Strange Bedfellows: Nativism, Know-Nothings, African-Americans and School Desegregation in Antebellum Massachusetts
This site is devoted to the study of the nativist American Party—also called the Know-Nothings—in antebellum Massachusetts, and their unlikely role in effecting public school integration. Know-Nothings briefly wielded significant political power nationally as the traditional two party system fragmented, and for a time in Massachusetts controlled both the legislature and the governor’s office. Paradoxically, Know-Nothing political dominance translated into the passage of a great body of progressive legislation, including a law in 1855 that outlawed segregation in Massachusetts schools—the first state in the nation to do so.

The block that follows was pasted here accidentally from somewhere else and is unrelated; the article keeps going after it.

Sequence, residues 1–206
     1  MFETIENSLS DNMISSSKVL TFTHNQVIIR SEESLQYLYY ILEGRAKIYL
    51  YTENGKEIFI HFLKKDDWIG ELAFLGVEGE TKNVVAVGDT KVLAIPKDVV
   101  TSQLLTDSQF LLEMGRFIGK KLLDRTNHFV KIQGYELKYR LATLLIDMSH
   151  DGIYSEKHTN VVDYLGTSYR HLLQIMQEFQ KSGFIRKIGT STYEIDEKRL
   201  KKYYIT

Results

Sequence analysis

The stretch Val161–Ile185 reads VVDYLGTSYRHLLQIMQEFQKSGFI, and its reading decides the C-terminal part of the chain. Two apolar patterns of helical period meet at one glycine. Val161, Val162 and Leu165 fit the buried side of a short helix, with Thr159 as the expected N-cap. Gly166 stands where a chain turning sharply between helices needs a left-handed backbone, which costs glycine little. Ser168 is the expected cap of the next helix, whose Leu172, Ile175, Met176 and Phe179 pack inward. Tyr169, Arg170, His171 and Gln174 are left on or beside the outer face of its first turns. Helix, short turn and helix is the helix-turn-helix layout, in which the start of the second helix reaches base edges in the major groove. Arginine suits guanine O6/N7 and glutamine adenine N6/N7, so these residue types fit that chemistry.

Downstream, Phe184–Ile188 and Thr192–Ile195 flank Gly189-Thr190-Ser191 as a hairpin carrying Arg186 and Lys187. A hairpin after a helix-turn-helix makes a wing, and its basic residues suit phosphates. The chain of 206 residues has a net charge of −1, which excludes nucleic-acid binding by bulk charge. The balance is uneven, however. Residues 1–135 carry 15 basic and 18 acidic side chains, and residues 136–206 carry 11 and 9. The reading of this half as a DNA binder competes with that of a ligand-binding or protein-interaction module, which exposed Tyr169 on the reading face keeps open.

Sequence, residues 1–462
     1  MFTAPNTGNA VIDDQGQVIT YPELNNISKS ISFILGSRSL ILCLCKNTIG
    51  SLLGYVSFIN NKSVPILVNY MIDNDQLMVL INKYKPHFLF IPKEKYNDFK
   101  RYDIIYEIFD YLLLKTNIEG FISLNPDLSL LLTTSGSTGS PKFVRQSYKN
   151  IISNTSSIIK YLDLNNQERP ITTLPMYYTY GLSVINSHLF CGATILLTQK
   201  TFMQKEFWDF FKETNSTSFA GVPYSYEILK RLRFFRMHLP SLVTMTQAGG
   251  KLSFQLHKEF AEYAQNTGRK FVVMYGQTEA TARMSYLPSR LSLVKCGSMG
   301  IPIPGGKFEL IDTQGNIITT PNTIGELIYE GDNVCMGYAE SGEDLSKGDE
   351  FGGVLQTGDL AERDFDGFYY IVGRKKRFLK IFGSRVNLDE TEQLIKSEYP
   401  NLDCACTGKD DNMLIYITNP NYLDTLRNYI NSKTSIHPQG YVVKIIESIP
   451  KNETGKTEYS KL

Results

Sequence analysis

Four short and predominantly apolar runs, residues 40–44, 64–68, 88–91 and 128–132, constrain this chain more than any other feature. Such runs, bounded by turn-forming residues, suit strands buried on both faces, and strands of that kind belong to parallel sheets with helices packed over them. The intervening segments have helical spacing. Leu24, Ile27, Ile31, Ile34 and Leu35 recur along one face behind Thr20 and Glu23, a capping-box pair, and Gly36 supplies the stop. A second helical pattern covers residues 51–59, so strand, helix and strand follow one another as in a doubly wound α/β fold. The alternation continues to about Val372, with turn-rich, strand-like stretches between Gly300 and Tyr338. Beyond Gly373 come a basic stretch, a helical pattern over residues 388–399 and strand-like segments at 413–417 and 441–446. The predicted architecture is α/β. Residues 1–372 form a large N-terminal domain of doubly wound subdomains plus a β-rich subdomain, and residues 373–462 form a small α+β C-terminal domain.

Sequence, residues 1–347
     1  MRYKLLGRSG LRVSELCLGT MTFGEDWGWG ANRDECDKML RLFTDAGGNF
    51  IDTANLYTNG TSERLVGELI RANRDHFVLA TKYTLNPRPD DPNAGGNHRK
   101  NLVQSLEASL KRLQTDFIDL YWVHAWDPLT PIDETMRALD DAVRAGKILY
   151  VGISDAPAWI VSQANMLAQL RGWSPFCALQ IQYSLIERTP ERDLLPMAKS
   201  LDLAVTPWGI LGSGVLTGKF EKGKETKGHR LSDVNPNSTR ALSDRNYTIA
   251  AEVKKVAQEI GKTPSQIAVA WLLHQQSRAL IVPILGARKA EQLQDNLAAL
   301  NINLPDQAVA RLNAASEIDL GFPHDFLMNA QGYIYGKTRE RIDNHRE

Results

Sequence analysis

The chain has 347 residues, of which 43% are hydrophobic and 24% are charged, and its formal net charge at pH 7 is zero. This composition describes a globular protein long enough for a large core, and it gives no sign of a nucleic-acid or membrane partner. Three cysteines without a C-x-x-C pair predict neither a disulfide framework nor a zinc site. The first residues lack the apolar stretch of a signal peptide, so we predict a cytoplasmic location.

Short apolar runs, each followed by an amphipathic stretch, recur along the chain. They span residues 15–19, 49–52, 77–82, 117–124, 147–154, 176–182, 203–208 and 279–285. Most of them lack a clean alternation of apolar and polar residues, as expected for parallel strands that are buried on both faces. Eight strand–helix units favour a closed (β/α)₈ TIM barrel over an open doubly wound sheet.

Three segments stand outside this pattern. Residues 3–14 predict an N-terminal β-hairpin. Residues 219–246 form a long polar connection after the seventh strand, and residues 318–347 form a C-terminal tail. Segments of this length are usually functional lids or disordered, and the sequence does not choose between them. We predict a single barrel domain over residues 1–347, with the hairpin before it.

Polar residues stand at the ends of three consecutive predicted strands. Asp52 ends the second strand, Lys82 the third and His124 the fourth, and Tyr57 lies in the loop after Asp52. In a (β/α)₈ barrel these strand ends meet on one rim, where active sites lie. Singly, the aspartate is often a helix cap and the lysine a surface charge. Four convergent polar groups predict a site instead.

The Power Point showcased above was presented at History Camp Pioneer Valley 2017 on July 29, 2017.
Click on the link below for my journal article, “Strange Bedfellows: Nativism, Know-Nothings, African-Americans and School Desegregation in Antebellum Massachusetts,” that explores this topic in greater depth.
Click on the thumbnail below to access the complete article:
I am currently writing a book about William Cooper Nell, the African-American abolitionist who led the decade-long movement that finally resulted in Boston school integration. I will post additional information about this project as my research progresses – Stan Prager